Mist&CloudsInHomer'sIliad 2001.pdf

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In the historical tradition of the western scholarly community, it has generally been the case
that even to consider fleetingly, let alone to frame questions concerning “true” geography or “true”
history in terms of the Homeric texts, is to incur instant and lasting ridicule; for the scholarly
community still looks upon Homer's "world" with condescension and indulgence. *On a positive
note, however, the French anthropologist Claude Lévi-Strauss (1974:236), at least acknowledges
the difficulty relative to the academe’s profound distain for what it considers mythic history: “De
quelque manière qu’on envisage les mythes, ils semblent se réduire tous à un jeu gratuit, ou à une
forme grossière de spéculation philosophique. Pour comprendre ce qu’est un mythe, n’avons-nous
donc le choix qu’entre la platitude et le sophisme?”* Walter Otto (1954:4), in his study on the
Homeric gods, describes this situation in the following terms:
[The Homeric Age] is the period where belief in the gods was maintained with the liveliest
conviction; and it is precisely here that conceptions of the divine have so little capacity to
touch the heart of modern man directly that many critics have denied them any religious
content whatever. [...] Consider Homer, who is the prime object of the charge. We admire
not only the art of his poems but also the richness and depth and grandeur of this thought.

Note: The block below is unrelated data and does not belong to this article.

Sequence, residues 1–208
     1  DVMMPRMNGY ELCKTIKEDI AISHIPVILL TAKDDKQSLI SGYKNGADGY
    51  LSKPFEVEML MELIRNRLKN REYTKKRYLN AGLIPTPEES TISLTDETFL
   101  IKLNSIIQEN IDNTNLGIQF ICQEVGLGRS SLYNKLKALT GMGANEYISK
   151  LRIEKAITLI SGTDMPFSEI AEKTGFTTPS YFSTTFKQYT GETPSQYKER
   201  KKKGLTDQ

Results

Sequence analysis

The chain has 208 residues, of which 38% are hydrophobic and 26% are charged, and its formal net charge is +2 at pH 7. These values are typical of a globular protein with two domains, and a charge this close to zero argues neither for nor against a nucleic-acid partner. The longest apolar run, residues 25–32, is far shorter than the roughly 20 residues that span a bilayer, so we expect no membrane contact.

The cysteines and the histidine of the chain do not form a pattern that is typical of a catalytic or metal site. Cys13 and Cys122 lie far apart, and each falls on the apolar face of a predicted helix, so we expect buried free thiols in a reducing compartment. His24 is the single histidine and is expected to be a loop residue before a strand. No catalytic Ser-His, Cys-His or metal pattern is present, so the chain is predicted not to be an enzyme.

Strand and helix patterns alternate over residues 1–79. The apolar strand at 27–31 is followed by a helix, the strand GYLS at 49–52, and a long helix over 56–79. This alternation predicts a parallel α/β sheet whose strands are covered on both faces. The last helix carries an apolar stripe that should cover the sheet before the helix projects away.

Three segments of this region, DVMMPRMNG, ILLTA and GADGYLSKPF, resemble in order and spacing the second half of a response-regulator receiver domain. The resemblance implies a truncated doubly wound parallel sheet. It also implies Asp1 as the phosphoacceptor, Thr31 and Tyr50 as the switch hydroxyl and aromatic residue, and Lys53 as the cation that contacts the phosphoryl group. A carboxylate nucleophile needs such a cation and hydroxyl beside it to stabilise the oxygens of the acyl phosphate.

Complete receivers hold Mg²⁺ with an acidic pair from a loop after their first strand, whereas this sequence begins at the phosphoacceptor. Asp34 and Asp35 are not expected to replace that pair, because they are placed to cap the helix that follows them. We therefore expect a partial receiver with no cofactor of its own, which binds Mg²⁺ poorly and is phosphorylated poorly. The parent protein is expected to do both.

Who could think of attributing superficial views on cosmic issues to a work which can still
thrill us after nearly three thousand years? And yet upon his belief in gods we bestow an
indulgent smile at best, or we explain him as a primitive-as if in a world so spiritually
mature a primitive belief would not be the greatest paradox of all.
Otto (Ibid.) concludes his interesting criticism by reminding us of a fundamental rule of
hermeneutics, one that is too often disdained by modern interpreters of ancient texts: "One may
truly wonder at the assurance with which judgment is passed upon a nation's most inspired ideas on
matters of supreme import without testing whether the position assumed produces valid insights into
an alien realm of thought.”
The Homeric texts have enjoyed surprisingly consistent interpretive treatment from modern
scholarship. That the emphasis must remain squarely on the idea that the scholarship in question is
modern, is obvious. For it is a New Thing. The Christianizing philosophers of the early Church,
unwilling to treat the Greek religious Worldview so dismissively as we moderns, admitted the truth
of the Greek Cosmology, and simply subsumed4 their many gods and reframed them in the
Christian Cosmology, which, at the end of the day, was not so very different. Thus, Maximus of
Tyre, in the late second century, in an attempt to explain Socrates’ divine guidance, will recast the
Homeric gods, by which, he argues, “Homer had meant divine powers, the daimones which
accompany virtuous people.”5 The Christian Church, building on the familiar foundation of Homer
and Plato, is in effect establishing a familiar, and hence credible ground for its teaching of
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